The Weber State LGBTQ Resource Center recognized World AIDS Day on Dec. 1, focusing on the mission to fight the stigma surrounding HIV and AIDS.
The LGBTQ Resource Center spent the day raising awareness about HIV and AIDS and the stereotypes that surround the diseases.
In observance of World AIDS Day, Weber State offered free HIV testing in collaboration with the Weber-Morgan Health Department from 9 a.m. to 2 p.m. in the Shepherd Union.
“With our campus population, there is a lack of awareness around HIV and really what it is and how it impacts people,” said Kestin Page, president of the WSU Gender and Sexuality Alliance.
Guest speakers also shared their personal stories and experiences with HIV during a panel discussion: “First Person: Living with HIV/AIDS.” The discussion focused on health issues, relationship struggles and the stigmas that stem from living with HIV in 2016.
According to Harrison Spendlove, executive master’s student in healthcare administration and guest speaker, the stereotypes about HIV in connection with the LGBTQ community are still prevalent. He said this event was a great way to start a conversation to help end those stigmas.
“It is important to raise awareness because it affects more than just the LGBT community,” he said.
In fact, one of the largest at-risk populations for HIV and AIDS is people from the ages of 18 to 24.
Despite this age group reflecting the traditional student population on campus, there is no HIV testing offered at Weber State year round, according to Page.
He said that is why having a free HIV testing day at Weber State is such a huge benefit for all college students.
“The virus doesn’t care if you are a man or a woman, if you are gay or straight, or if you are black or white, it just doesn’t care,” said Kestin, “So it’s just about raising general awareness of getting tested and knowing that it is a disease that impacts everyone.”
From counseling offerings at Weber State to pamphlets about HIV, the LGBTQ Resource Center also set out a booth with information in the heart of the atrium.
Clad in red ribbons to represent HIV awareness, Students with Disabilities Senator Cade Anderson wanted to make sure all students understood the importance of getting tested and treated for HIV or AIDS.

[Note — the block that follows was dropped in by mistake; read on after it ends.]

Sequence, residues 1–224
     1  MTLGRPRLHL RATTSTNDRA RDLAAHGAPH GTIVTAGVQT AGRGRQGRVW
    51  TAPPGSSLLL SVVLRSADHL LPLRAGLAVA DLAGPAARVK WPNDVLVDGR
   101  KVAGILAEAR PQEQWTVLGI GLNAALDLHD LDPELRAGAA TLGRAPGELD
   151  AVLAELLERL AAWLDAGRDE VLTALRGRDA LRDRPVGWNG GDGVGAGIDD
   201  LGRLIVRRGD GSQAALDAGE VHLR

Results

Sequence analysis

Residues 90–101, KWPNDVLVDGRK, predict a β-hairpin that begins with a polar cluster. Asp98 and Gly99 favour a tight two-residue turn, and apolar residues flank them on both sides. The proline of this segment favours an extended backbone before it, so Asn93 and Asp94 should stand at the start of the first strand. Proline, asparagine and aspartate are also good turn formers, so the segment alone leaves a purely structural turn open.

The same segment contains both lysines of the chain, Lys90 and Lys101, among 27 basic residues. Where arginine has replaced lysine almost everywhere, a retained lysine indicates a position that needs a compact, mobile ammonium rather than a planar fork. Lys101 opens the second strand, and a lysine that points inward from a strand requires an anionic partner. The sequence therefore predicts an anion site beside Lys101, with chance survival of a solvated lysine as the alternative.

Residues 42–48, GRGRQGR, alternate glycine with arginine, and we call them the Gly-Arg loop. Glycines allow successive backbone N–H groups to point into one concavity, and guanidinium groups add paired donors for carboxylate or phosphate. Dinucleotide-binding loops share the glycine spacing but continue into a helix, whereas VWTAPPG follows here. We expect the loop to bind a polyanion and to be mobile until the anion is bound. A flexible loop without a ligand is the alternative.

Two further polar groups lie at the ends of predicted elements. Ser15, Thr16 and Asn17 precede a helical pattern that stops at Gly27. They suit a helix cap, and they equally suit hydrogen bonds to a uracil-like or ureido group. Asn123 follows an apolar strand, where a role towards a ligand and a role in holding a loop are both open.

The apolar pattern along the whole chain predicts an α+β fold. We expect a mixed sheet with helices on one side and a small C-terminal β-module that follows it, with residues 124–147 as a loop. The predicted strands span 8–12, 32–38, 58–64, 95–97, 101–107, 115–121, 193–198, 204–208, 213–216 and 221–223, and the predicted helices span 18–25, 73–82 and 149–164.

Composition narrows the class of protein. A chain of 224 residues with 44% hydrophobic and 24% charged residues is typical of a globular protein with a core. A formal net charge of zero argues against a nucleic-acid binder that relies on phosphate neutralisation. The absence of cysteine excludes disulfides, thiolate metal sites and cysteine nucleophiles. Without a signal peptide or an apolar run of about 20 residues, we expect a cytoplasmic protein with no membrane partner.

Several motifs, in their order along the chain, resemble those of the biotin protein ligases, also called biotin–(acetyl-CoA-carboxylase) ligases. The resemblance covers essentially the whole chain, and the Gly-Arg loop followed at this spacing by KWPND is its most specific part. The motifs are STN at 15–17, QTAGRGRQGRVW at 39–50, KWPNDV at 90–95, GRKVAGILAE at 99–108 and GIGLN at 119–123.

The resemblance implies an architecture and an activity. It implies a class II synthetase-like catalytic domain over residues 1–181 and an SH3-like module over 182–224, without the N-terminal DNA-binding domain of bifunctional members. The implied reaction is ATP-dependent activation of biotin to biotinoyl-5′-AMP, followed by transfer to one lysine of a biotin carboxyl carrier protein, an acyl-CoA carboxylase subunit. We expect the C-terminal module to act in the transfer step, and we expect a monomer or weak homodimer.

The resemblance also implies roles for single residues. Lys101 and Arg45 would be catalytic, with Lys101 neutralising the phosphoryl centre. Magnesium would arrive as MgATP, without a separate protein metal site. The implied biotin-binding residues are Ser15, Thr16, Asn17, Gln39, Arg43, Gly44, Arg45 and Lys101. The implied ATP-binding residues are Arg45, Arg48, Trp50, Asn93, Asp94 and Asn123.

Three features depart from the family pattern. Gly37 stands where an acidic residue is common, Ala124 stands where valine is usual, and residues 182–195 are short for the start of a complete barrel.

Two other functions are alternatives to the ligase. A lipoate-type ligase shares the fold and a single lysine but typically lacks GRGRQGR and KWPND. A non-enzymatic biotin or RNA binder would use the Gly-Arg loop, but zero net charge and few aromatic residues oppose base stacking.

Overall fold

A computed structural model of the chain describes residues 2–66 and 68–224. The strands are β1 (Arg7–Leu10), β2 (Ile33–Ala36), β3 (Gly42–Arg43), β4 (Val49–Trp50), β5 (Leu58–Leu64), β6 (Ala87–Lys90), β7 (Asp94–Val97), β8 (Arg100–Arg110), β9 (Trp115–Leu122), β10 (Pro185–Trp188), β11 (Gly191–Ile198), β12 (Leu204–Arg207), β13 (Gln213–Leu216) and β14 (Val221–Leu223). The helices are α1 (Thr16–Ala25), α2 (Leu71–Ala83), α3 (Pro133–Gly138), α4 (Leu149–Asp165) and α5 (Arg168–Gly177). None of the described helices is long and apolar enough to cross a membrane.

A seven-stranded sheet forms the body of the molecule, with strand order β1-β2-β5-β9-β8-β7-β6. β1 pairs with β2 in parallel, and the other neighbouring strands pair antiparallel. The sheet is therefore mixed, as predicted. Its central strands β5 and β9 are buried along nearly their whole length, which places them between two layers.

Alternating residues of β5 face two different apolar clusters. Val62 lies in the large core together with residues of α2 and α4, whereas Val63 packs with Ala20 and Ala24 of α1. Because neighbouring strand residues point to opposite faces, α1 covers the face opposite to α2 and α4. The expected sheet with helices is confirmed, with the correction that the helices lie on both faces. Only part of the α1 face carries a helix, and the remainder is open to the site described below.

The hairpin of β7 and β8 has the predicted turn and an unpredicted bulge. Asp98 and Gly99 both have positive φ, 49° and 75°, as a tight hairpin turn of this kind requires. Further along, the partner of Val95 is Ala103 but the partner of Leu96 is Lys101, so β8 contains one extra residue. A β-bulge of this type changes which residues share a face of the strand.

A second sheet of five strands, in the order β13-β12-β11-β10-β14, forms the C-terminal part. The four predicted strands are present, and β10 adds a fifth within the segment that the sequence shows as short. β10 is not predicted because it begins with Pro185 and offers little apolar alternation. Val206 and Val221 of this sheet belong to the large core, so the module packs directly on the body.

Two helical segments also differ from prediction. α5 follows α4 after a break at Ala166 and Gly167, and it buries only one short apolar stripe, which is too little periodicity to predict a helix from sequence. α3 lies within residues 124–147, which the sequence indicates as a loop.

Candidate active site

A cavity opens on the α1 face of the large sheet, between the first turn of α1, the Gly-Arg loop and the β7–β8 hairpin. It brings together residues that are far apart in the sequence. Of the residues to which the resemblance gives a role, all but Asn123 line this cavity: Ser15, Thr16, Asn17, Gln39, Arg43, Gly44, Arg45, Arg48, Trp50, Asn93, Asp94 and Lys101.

“If you catch it early, it will change your life in tremendous ways. It’s about getting tested and knowing early on,” he said. “And that’s what the key is these days to surviving and thriving in life.”
According to the World AIDS Day Website, HIV is still a rare and taboo topic to discuss. However, despite the new developments in treatment, many still don’t understand what HIV is or what it’s like to live with the condition.
For Spendlove, he believes some people have ignored the issues of HIV and AIDS because they think they already know everything about the disease. But he argues that there is still not enough awareness and understanding.
“The view on HIV has changed. This isn’t the ’80s anymore. We are not dealing with the huge epidemic outbreaks and the fear of not knowing what it is,” he said. “But right now, I feel like we are dealing with the idea that we still don’t need to be educated on it.”
Spendlove said students should not only get educated and have a conversation about HIV, but they should also show support by helping stop the stigmas that surround it.
He encouraged students and community members alike to be proactive, not only with their health but with helping others who may be struggling with the disease in some aspect of their life.
“It’s a matter of being involved, joining clubs, helping with charity drives, even just speaking up for those who might be getting bullied or looked down upon for having the disease,” he said. “It’s important that everyone understands what HIV is and that it is actually something that affects everyone.”